BROWNSVILLE, Texas – Until the day she was arrested, 53-year-old Vicenta Verino spent years canvassing poor, elderly and mostly Latino neighborhoods, harvesting mail-in ballots for candidates who paid her to bring in votes.
Her crime: unlawful assistance of a voter, an offense that would not have been prevented by the state’s voter ID law.
Texas officials claim that the law is needed to prevent fraud, but only 15 cases have been prosecuted by the Texas attorney general's office between the 2012 primary election and July of this year, according to a News21 review of more than 360 allegations the office received in that time.
Eleven of those 15 are cases are similar to Verino’s, in which “politiqueras” – people hired by local candidates in predominantly Latino communities – collect and mail ballots for mostly elderly local voters. Texas election laws restrict who can have assistance while voting by mail and require a signature on the ballot from the person who assisted the voter.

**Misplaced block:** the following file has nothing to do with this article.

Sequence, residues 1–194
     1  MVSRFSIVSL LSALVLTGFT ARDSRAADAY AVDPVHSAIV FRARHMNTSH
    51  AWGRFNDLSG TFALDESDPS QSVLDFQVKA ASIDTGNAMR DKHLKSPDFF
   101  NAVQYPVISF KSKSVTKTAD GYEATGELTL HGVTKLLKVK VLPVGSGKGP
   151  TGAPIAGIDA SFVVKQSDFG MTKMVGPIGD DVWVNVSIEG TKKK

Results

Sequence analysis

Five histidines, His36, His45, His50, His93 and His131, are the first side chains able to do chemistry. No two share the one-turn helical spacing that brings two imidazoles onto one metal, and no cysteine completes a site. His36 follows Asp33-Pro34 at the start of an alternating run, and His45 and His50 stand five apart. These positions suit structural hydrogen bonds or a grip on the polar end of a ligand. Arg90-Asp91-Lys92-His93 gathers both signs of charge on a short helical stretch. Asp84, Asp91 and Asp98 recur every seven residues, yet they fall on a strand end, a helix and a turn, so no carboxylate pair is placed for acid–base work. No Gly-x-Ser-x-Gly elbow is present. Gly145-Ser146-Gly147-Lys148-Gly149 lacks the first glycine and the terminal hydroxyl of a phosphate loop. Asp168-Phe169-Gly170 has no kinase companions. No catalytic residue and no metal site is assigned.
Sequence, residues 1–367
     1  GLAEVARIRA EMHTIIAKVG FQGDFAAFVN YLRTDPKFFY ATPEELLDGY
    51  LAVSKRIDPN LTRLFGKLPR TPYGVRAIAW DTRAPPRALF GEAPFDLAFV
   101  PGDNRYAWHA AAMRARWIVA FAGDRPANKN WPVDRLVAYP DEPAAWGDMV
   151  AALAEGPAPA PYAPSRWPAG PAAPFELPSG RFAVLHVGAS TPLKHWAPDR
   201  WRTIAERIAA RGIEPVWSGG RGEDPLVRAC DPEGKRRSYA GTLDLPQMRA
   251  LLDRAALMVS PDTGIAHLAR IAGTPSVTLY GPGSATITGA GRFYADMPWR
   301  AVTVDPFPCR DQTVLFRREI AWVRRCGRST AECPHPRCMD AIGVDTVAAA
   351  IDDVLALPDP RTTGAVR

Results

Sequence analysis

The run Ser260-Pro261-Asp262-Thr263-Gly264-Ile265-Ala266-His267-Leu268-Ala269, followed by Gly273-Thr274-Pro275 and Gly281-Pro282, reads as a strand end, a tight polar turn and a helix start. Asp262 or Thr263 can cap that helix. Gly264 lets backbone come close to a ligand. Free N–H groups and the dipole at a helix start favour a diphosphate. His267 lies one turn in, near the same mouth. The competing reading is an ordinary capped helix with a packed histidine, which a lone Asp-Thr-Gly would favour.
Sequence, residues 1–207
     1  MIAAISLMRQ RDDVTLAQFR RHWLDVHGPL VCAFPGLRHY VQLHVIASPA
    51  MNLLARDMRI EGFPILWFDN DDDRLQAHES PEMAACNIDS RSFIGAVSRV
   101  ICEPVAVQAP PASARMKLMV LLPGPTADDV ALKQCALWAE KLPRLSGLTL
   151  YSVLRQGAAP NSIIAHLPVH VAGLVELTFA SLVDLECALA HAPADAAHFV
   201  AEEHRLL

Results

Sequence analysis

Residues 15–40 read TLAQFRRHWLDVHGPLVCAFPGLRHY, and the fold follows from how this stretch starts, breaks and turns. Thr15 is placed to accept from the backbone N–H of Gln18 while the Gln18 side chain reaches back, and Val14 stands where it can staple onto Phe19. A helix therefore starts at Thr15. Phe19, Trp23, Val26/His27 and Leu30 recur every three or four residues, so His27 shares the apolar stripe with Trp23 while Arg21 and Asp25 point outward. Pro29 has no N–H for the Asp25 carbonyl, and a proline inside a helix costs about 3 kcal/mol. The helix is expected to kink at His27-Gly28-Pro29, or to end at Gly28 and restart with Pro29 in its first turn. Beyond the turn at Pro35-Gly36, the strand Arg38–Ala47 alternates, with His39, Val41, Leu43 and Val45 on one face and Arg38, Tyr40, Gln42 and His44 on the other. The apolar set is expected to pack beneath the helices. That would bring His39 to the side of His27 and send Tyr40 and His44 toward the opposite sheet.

“We used to work street by street seeing people, talking about the candidates, and those times, it kind of used to help the people,” Verino said, now two years after her arrest for voter fraud.
Texas’ contested law, passed in 2011, requires voters to present one of seven approved forms of government-issued ID at the polls. In July, the U.S. 5th Circuit Court of Appeals in New Orleans ruled the law violates parts of the Voting Rights Act. For the November election, people without ID will be allowed to vote if they sign a sworn statement. A spokesman for the Texas attorney general said “this case is not over” and the agency is considering an appeal to the U.S. Supreme Court.
Texans have not been required, however, to show identification when voting by mail. The only exception is if a voter registers to vote for the first time by mail and does not provide a photo ID number or the last four digits of their Social Security number. Then, local election officials can ask the voter to send a copy of an ID with their mail-in ballot.